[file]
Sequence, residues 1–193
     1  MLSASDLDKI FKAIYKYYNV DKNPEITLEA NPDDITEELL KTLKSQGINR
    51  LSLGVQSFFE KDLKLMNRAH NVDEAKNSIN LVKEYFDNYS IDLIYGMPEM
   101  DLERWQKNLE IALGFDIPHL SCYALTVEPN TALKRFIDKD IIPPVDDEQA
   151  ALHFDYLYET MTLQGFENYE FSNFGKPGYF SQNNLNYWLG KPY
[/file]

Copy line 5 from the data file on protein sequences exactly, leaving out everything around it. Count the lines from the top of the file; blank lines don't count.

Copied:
   151  ALHFDYLYET MTLQGFENYE FSNFGKPGYF SQNNLNYWLG KPY